Better than Working!
April 9, 2006
Far too much time has gone by since my last entry in this space! Oh dear!
Christmas family, with ‘Rudolph’
(Christopher, Heather, Alexa, Tony, Matthew, Andrea)
And this one won’t be very lengthy either, because I’m beginning it late at night and I am still – for a retired guy – ferociously busy.
Ordinarily, from January 1st to April 1st a working person who puts in a 40 hour week would work 520 hours. Would you believe I have actually tracked 470 working hours in that period (and I think there were a few more hours I didn’t note)!
Retirement? What’s that!?
Of course there was a wonderful trip to Vernon for Christmas, visiting our son Christopher and his family. For the fun of it, I put here a picture of us at their church following the Christmas Eve service. Some browsers may even be able to display it in a manner which shows that the goofy grandmother is wearing a flashing “Rudolph” nose!
After Christmas I began work as a part-time (interim) Rector of the parish of St. Luke, Winnipeg. Basically my job was to preside at Sunday worship, do some pastoral care and basic parish maintenance during the sabbatical of the Rev’d Robert Brownlie, their actual Rector.
Things picked up speed once Lent began, for in my retirement project (see my Albwost page) I had hoped to do some teaching of basic Adult Christian Education at various churches, and some parishes did respond with requests for me to give their Lent programmes! The heaviest week started on March 26, just after my duties at St. Luke’s came to an end:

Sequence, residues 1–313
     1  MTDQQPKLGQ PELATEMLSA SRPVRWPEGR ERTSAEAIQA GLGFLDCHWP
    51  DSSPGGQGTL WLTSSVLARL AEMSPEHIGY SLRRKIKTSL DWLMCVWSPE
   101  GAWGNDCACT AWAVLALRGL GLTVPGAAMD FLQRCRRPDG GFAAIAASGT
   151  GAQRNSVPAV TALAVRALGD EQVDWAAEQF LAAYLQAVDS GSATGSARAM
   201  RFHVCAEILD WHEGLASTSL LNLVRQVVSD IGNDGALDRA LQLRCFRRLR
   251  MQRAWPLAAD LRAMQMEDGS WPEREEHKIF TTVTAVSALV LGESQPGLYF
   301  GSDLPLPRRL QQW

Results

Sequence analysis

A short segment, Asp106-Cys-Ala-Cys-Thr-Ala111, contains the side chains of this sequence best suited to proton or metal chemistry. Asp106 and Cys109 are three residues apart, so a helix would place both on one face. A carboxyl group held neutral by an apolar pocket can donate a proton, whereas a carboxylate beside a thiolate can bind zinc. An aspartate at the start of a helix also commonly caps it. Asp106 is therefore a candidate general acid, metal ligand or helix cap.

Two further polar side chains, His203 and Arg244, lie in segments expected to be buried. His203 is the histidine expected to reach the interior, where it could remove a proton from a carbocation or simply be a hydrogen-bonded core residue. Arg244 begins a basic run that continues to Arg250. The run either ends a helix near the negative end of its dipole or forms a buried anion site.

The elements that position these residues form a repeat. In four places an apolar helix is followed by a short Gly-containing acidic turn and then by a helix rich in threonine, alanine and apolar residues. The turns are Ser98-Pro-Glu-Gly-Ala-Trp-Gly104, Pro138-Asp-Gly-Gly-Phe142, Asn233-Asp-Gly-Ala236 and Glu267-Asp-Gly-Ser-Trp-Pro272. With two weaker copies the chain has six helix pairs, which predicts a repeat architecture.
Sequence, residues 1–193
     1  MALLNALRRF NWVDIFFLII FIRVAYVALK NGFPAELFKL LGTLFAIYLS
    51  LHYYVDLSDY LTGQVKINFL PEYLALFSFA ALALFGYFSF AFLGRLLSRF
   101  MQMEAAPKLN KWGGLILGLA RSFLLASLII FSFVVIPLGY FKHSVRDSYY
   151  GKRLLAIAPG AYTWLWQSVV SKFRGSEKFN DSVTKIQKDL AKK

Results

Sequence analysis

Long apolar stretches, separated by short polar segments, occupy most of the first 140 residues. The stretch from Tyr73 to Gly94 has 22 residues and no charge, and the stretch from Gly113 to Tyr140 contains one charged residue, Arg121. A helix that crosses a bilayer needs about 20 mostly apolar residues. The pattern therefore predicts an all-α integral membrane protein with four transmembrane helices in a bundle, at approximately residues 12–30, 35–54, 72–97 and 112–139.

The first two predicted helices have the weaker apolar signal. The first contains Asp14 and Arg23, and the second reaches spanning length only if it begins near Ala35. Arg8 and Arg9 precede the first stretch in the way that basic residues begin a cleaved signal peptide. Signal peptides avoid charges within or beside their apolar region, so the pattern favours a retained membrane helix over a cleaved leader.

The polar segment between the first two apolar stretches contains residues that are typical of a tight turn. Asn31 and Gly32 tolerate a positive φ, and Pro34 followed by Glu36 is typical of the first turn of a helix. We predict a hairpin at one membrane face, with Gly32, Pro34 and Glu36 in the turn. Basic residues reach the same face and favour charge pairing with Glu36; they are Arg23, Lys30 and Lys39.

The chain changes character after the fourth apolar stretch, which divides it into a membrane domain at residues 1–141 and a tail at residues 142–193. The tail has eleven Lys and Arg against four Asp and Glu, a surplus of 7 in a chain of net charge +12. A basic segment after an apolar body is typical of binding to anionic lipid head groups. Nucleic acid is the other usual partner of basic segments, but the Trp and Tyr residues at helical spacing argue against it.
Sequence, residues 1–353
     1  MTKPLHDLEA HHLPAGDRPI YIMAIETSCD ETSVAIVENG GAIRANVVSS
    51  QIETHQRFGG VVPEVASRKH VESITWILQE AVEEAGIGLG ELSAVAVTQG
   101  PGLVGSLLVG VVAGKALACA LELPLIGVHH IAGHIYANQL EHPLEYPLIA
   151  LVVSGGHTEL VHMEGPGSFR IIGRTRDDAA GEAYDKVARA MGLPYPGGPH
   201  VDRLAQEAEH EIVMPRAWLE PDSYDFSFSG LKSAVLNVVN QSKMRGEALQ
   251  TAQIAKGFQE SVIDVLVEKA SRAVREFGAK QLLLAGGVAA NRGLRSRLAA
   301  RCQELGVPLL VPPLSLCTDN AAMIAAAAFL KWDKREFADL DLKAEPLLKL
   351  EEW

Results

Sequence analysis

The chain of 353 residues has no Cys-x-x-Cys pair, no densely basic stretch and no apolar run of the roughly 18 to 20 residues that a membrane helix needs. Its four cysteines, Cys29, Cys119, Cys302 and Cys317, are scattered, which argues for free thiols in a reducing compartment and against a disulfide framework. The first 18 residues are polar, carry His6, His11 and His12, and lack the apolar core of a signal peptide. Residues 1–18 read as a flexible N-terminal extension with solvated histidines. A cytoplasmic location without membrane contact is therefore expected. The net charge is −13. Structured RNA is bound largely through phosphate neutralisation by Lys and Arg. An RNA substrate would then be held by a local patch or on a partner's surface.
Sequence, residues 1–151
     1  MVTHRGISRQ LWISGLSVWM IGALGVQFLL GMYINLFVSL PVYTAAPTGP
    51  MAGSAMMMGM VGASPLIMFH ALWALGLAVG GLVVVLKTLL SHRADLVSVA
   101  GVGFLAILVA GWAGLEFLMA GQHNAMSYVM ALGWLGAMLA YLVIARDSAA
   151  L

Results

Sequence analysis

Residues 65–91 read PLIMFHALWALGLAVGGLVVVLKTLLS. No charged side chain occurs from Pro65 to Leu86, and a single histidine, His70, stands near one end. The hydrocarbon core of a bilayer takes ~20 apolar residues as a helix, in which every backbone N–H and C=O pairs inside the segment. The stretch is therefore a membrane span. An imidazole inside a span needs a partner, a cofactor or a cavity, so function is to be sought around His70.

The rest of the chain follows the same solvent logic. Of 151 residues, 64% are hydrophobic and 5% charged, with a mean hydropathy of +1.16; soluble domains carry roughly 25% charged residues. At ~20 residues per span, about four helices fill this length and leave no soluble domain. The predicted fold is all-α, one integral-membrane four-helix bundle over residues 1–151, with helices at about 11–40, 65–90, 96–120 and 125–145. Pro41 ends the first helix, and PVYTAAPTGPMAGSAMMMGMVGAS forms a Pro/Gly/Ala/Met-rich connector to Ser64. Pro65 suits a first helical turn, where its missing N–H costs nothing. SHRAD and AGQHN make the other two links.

In addition to all that, Heather and I went to Toronto March 9th for an extraordinary five days: The main purpose of the trip was to hear Rachael in The Marriage of Figaro, an opera put on by the University of Toronto. It was a wonderful experience, and of course, being her proud parents, we thought our daughter’s performance in the demanding role of “Susanna” was outstanding.
Even if the opera had been the only thing we did, our trip would have been exciting and memorable, but there was much more. Heather and I also connected with friends of our youth – Heather with a woman who had shared an apartment with her when they were both in their twenties, and I with a high school friend whom I had not seen since 1959! Heady, emotional, and altogether satisfactory!
In 1979 the parish of which I was Rector decided it was being called to give assistance in the “Boat People” crisis that had developed in Vietnam, and sponsored a family of refugees into Canada. A young man, his wife, and two little children came to Winnipeg to start a new life with the help of our congregation. They found work and saved their money, eventually moving to Toronto to be near other family members and connections. We lost touch, and the years went by; enough years for those two children to grow to maturity.
In February they got in touch. The little boy, now a grown man of about 30, had married, and his wife decided to search on the Internet for the parish which had brought her husband’s parents to Canada. That parish, sadly, is closed, but the young couple found me and Heather!
While we were in Toronto for Rachael’s opera, the whole Vietnamese clan took us out to dinner. It was a marvellous and emotional reunion.
There is much much more that could be set down here, but you can at least get a rough impression of why there has been very little activity on this website lately!
Oh yes, and my book? Sadly, after completing one more chapter I had to put it on hold, but after Easter, work resumes.
Click here for next Oxbow